We just posted this to Craig’s List, but I figure we might as well get it up here, too. We’re looking to hire a web application developer. Our work load is expanding pretty rapidly and it’s time to bring on someone new to help us grow. If you’re a regular reader of this blog, you have a pretty good idea of the work that we do and how we roll. We’d really appreciate you forwarding this post on to anybody you know who might be a good fit.
Zetetic is a talented software development consultancy looking for a new teammate. We’re searching for a full-time developer to help us build and maintain client systems and our own applications (our newest product is Tempo, a time-tracking service).
The person we’re looking for has a couple of years experience and work to show off in a personal or professional portfolio. We need a developer with a passion for solving interesting problems.
- A foundation in SQL and relational databases (such as: PostgreSQL, Oracle, SQL Server, MySQL)
- Having either built or contributed to a Ruby on Rails or .NET application (with a desire to pick up Ruby)
- An understanding of object-oriented programming
- Great verbal and Internet communication skills
- Self-motivation and an unflappably positive attitude
- Comfortable working with command line interfaces
To apply send us your resume and a brief cover letter explaining your interest and relevant experience.
E-mail us at firstname.lastname@example.org.
Ruby/LDAP is a useful ruby library that allows you to connect to and manipulate LDAP directories like OpenLDAP and Active Directory. Unfortunately
- the library isn’t distributed as a gem; and
- depends on native LDAP libraries for its operation
This puts it out of reach for many ruby developers deploying to a Windows environment without an installed C compiler. In the past I’ve leaned on a few good Samaritans that posted pre-compiled versions, but unfortunately most of these have either been taken down or are really old.
So, in desperate need of an install on a new windows VM I just built it from source. If you trust our binaries you can download the gem-ified ruby-ldap build based on the latest 0.9.7 release and compiled using Visual Studio 2008.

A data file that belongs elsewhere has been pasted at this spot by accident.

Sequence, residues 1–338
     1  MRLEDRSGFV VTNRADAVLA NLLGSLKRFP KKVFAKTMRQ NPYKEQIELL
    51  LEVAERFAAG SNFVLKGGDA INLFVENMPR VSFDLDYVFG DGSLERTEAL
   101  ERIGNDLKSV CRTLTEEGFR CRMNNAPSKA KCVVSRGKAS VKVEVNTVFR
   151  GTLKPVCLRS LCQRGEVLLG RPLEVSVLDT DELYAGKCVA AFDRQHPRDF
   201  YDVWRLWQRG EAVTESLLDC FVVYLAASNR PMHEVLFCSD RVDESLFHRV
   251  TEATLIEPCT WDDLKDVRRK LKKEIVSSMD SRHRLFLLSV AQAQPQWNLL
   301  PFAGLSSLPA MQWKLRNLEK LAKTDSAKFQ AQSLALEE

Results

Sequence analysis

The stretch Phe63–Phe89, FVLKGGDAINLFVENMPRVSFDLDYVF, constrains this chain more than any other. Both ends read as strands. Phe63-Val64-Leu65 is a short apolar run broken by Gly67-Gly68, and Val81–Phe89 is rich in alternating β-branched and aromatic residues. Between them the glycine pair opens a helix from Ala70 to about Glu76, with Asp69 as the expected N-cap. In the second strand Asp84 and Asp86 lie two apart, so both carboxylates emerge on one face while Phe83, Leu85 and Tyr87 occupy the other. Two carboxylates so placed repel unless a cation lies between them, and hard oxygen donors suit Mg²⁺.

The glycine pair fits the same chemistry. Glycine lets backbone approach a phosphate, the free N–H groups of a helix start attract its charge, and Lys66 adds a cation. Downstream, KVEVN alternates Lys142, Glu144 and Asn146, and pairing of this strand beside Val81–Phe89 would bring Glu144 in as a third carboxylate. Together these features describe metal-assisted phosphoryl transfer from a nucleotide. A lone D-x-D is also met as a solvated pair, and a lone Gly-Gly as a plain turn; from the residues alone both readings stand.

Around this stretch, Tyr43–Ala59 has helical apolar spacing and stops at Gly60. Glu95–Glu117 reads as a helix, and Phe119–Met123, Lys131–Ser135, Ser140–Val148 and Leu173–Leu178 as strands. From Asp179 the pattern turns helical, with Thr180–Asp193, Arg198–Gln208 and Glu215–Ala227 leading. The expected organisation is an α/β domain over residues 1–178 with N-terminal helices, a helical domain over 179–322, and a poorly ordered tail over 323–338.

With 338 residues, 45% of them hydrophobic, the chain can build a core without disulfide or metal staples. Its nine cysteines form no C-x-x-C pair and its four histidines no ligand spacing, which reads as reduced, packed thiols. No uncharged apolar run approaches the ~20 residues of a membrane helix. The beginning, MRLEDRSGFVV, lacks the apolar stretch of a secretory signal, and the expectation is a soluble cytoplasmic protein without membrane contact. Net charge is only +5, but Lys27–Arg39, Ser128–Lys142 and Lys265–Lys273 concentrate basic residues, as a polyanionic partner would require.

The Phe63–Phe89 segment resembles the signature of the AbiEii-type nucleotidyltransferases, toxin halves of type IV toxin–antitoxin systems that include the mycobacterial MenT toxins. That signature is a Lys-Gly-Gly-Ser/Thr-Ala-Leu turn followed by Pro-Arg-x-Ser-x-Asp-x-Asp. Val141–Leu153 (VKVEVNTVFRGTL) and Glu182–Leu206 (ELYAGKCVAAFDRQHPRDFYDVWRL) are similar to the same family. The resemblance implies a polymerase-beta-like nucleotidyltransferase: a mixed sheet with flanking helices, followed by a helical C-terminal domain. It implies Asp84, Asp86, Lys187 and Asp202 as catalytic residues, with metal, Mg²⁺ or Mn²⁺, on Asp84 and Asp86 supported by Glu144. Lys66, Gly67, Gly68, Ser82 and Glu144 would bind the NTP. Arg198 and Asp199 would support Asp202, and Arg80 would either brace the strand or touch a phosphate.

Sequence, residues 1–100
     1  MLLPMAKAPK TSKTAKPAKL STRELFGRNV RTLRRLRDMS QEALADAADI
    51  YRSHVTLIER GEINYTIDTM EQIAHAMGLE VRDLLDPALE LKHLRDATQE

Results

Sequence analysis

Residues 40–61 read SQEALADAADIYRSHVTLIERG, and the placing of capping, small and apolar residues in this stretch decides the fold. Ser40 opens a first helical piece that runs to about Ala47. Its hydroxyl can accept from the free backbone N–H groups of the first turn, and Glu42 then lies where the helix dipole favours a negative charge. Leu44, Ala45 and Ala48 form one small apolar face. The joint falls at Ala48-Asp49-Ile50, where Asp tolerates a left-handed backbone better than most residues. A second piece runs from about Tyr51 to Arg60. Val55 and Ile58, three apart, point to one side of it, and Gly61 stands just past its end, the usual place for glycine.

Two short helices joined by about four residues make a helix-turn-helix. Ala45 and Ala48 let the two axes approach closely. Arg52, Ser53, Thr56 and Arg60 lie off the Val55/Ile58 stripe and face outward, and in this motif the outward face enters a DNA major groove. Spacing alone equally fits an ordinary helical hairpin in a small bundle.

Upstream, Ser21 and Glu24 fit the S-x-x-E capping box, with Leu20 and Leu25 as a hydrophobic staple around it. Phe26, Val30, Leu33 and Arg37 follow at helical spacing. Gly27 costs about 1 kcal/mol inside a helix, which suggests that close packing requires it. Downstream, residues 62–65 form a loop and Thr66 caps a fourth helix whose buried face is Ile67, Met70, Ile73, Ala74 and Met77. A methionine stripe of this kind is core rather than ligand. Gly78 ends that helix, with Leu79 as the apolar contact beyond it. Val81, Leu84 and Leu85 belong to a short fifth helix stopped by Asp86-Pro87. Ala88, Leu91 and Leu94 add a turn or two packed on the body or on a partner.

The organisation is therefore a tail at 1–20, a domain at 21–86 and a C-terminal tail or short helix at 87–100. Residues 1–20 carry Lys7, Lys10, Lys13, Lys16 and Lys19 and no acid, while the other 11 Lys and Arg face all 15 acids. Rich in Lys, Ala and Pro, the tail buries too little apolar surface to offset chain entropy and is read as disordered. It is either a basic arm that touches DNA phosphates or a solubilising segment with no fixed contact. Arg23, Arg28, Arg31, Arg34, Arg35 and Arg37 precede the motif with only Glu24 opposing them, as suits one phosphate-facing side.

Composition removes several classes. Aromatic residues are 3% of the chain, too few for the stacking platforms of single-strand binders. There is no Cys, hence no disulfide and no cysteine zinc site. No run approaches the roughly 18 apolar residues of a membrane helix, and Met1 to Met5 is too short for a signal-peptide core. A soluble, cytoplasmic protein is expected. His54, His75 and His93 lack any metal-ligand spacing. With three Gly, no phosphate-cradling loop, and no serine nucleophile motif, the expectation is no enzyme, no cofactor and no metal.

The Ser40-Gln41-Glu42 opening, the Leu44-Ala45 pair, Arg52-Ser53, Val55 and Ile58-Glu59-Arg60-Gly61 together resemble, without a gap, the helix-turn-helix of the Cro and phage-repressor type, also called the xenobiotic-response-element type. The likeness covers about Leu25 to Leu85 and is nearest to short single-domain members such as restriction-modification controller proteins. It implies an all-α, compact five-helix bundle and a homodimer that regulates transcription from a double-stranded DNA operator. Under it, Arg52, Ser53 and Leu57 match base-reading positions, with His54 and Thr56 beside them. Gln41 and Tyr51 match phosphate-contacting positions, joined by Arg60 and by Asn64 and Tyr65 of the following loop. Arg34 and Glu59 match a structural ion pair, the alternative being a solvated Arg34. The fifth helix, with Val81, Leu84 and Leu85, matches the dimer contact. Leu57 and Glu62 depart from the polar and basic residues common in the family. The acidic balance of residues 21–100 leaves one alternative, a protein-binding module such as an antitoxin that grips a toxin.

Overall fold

gem install ldap-0.9.7-mswin32.gem
I’ve tested this on a few boxes, though your mileage may vary.
We’ve received reports from some of our PingMe users who are also T-mobile customers that they’ve had difficulty receiving messages from PingMe on their T-mobile phone. Since none of us here at Zetetic is a T-Mobile customer there isn’t much more we can do beyond making sure that the outbound messages are actually being sent.
However, we have word from PingMe user Charles Eubanks that there is an account setting one must tweak in order to allow e-mail messages to be sent directly to your T-Mobile phone as SMS. We haven’t been able to verify this ourselves, but we’ve received a great walk-through description from Charles.
Just a quick explanation: PingMe uses your mobile provider’s e-mail-to-text gateway to send text messages to your mobile device. Not all carriers provide this option, some of them require you to enable or activate it, and some of the more nefarious ones will even charge you extra. However, for most folks it just works and it doesn’t cost any extra (beyond whatever you already pay to receive SMS messages).
That being said, this is the process for allowing email messages to be sent to your T-Mobile handset:
- Go to the T-Mobile website and login (or register if you haven’t yet).
- When the page loads, hover the pointer over the “My account” tab. One of the options will be “Send a text message.” Click on that.
- On the right side of the resulting page is a box with the heading “Resources.” One of the options in that list is “Create e-mail filters.” Click on that.
- On that page, there is an option labeled “Block all messages from E-Mail to handset.” Set this to “No.”
Once you’ve gotten that taken care of, you can create a new Mobile target in PingMe for your phone and start receiving and updating your reminders via text!
As I’ve written here before, we’re really big fans of the efficiency and simplicity of command lines here at Zetetic. We actively use them at points in the PingMe and Tempo are considering expanding our use of them, in particular to include Graphical Keyboard User Interfaces.
So, some interesting reading:
ANYTHING is possible in PL/SQL.